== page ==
TRENTON, Ga. -- Cordia Natalizia leaned on her walker, watching as more than a dozen seventh-graders energetically wielded shovels, hoes and rakes in her back yard, preparing to plant daylilies and other flowers.
"It will be beautiful," Natalizia said.
The 72-year-old huddled deep inside her brown coat, the early morning sun not warm enough to break the February chill.
She added, a bit wistfully, "I wish I could be out there with them. I love the dirt."
Last April, Natalizia was sitting on her couch when an EF-3 tornado ripped across Interstate 59 and, like a giant wrecking ball, decimated dozens of homes in the heart of Trenton. Debris rained down around her as the wind twisted away her home; the only thing that protected her was the walker she had over her knees.
In the days after the storm, Natalizia moved in with her sister and made plans to rebuild her home. But every time she stopped by to see the progress on it, she grieved for the flowers she had spent so many years nurturing.
Every tree on her small lot on Walnut Avenue was gone, and contractors scraped clean most of her yard before they began building. A few crape myrtles survived.
Natalizia moved into her new home in August, but infections in her right leg confined her to a wheelchair for much of the year. Even after she began to get around with her walker, she wasn't able to replant her flowerbeds.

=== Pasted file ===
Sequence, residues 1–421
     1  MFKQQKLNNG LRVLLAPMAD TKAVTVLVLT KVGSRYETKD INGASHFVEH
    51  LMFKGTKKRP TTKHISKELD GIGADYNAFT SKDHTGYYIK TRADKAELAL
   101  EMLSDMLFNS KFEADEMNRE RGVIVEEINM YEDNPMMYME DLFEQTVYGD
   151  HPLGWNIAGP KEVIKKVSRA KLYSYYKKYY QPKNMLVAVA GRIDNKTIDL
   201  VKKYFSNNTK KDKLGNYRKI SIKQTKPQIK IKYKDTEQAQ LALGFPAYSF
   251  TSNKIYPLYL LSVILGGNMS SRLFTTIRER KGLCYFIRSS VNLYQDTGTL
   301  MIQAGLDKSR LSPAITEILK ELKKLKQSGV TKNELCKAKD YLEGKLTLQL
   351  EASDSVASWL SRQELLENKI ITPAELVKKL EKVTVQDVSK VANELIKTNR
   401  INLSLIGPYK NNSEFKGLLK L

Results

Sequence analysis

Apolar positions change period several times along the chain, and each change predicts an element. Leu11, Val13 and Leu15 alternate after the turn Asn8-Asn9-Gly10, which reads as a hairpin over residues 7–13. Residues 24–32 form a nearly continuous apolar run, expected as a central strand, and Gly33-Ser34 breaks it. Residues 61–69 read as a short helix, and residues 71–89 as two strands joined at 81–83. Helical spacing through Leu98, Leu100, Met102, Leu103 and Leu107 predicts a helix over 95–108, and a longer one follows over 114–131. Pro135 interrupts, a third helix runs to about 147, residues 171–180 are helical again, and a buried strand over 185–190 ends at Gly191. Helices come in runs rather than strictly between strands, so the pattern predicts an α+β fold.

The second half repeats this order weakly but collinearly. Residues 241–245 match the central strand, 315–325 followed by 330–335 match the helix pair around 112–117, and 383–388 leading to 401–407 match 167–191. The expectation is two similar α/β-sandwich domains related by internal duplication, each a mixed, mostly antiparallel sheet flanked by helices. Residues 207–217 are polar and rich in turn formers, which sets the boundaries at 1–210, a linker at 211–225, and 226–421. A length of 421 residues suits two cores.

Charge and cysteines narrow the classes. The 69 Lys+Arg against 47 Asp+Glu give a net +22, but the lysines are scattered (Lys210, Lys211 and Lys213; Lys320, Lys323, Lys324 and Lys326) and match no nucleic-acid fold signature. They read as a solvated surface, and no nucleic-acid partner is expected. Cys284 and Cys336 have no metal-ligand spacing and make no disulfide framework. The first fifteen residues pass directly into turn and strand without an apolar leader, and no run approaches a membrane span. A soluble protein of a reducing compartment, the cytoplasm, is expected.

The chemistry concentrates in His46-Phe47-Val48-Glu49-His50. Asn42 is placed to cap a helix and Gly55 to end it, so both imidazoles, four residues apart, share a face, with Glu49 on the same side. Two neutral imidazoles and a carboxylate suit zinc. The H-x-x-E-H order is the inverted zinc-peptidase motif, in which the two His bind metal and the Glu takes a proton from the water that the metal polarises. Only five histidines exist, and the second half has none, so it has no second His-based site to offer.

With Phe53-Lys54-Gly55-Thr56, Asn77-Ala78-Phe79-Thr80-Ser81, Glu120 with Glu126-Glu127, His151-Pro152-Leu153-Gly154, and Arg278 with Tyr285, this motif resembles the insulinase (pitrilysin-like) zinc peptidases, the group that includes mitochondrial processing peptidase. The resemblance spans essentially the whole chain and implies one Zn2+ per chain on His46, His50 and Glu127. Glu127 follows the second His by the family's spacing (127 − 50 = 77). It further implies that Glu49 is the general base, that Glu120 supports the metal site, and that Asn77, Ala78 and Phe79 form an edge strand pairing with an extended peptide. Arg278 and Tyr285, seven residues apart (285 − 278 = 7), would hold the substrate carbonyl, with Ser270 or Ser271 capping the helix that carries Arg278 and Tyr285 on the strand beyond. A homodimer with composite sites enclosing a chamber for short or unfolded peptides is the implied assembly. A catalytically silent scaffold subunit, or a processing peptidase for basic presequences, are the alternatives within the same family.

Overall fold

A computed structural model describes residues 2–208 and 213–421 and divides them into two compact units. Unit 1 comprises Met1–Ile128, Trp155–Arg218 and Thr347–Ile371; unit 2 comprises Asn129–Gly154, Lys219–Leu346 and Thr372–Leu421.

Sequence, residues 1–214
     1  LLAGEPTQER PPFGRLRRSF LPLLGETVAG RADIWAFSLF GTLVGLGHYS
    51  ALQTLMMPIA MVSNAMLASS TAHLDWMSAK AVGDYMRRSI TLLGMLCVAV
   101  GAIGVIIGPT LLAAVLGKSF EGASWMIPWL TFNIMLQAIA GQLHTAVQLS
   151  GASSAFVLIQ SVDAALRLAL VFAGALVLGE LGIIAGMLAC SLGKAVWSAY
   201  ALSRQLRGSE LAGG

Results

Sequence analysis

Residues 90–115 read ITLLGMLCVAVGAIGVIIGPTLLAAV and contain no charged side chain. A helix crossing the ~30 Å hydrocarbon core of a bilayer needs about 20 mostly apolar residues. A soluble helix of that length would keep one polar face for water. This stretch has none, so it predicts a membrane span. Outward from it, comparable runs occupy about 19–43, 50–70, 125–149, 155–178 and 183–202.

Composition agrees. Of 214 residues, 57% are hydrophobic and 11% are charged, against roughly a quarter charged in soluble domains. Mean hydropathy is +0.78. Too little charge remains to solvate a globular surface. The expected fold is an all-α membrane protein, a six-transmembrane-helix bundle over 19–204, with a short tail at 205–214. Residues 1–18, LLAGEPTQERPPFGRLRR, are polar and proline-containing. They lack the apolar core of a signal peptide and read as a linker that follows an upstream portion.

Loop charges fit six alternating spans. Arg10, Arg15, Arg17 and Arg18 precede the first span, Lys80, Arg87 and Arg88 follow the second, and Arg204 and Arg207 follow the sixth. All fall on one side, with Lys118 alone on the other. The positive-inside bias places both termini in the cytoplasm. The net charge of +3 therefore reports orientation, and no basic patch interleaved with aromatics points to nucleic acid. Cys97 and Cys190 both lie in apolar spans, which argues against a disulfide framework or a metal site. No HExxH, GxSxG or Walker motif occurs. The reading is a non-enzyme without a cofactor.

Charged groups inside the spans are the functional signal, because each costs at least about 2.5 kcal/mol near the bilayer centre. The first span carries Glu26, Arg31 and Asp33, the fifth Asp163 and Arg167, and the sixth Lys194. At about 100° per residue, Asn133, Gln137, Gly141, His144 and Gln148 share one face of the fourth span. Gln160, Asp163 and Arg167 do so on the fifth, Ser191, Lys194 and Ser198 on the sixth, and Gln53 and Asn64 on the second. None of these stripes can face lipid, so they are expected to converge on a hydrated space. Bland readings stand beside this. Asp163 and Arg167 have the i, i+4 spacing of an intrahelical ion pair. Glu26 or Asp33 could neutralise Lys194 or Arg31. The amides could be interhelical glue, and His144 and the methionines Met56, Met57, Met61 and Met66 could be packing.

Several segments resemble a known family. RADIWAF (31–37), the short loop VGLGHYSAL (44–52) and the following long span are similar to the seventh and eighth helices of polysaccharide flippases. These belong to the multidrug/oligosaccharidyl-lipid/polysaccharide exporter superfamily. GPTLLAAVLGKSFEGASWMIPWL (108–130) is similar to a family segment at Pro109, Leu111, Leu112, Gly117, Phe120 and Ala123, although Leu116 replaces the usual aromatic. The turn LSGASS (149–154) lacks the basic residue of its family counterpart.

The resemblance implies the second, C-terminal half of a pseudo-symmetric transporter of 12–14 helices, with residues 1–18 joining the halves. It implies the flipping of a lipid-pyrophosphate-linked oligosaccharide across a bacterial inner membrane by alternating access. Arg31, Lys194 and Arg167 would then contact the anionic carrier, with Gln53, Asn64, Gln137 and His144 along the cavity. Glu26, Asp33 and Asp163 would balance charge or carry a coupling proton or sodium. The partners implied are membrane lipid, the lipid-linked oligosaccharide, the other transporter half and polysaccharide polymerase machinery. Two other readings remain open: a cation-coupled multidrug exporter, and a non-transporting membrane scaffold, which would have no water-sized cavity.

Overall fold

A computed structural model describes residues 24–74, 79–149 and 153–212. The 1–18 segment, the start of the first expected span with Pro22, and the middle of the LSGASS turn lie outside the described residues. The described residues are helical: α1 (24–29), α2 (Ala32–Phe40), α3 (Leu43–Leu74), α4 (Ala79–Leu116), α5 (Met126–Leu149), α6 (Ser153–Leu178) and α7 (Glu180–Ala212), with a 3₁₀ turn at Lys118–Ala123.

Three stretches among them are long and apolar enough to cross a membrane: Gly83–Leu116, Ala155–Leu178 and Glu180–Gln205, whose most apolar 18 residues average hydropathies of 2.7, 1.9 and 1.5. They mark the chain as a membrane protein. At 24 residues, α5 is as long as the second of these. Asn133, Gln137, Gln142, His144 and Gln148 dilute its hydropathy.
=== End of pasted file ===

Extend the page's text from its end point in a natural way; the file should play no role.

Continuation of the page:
That is when Sandy Harris, who lives in Dade County, heard about Natalizia and contacted Silverdale Baptist Academy. The Chattanooga private school does several service projects every year, and Harris asked if it could plant flowers for Natalizia.
Harris gathered plants from her yard, and friends contributed. Someone bought more than 150 daylily bulbs, Natalizia's favorite flower.
On Friday morning, Ed Rawlston, a seventh-grade history teacher at Silverdale, arrived at Natalizia's home with 16 students, several parents and plenty of garden tools.
They soon had dirt-stained hands and muddy spots on their knees as they dug up a plot in the back yard. A few tulip spears that survived the tornado and the construction work poked up in the bed. A lone purple grape hyacinth, looking the worse for the last year's wear, already was blooming.
Anna Kimball, 13, pushed white bulbs into the soft brown dirt. Several of her friends and their families had tornado damage from the April storms, Kimball said, and she is happy they can help someone who lost so much.
"It helps us remember how blessed we are to wake up every day and have a house," Kimball said. "It's a great experience to be a part of other peoples' lives and change them for the better."
"God bless them for doing this," Natalizia said. "It will be wonderful when the weather gets warmer and I can sit back here and look at the flowers. I got something to look forward to."